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Eyes and stroke: the visual aspects of cerebrovascular disease
  1. John H Pula1,
  2. Carlen A Yuen2
  1. 1 Department of Neurology, NorthShore University HealthSystem, Chicago, Illinois, USA
  2. 2 Department of Neurology, University of Chicago, Chicago, Illinois, USA
  1. Correspondence to Dr John H Pula; jpula12009{at}gmail.com

Abstract

A large portion of the central nervous system is dedicated to vision and therefore strokes have a high likelihood of involving vision in some way. Vision loss can be the most disabling residual effect after a cerebral infarction. Transient vision problems can likewise be a harbinger of stroke and prompt evaluation after recognition of visual symptoms can prevent future vascular injury. In this review, we discuss the visual aspects of stroke. First, anatomy and the vascular supply of the visual system are considered. Then, the different stroke syndromes which involve vision are discussed. Finally, topics involving the assessment, prognosis, treatment and therapeutic intervention of vision-specific stroke topics are reviewed.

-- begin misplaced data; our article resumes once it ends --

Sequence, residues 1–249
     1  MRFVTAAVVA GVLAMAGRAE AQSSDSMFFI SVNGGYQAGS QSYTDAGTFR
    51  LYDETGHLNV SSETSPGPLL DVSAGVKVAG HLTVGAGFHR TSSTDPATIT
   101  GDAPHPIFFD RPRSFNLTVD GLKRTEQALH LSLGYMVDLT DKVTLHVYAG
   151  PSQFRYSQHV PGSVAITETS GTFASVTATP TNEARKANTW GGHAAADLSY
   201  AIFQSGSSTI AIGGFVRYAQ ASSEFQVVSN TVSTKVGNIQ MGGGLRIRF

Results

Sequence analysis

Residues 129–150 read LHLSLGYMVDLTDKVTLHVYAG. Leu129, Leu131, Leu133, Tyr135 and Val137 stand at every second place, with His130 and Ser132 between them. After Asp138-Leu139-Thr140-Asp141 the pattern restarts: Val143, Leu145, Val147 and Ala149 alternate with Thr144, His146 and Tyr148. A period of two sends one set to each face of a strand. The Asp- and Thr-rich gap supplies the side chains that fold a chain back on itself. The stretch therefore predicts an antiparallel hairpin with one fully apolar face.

• Vision
  • Stroke
  • Amaurosis Fugax
  • Homonymous hemianopia
  • Diplopia

This is an Open Access article distributed in accordance with the Creative Commons Attribution Non Commercial (CC BY-NC 4.0) license, which permits others to distribute, remix, adapt, build upon this work non-commercially, and license their derivative works on different terms, provided the original work is properly cited and the use is non-commercial. See: http://creativecommons.org/licenses/by-nc/4.0/

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Footnotes

  • Contributors JHP has written half of the manuscript, performed the proofing, researched the topics and approved the final manuscript. CAY has also written half of the manuscript as well as researching the topics and providing a literature review and approved the final manuscript.

  • Competing interests None declared.

  • Patient consent Obtained.

  • Provenance and peer review Commissioned; externally peer reviewed.

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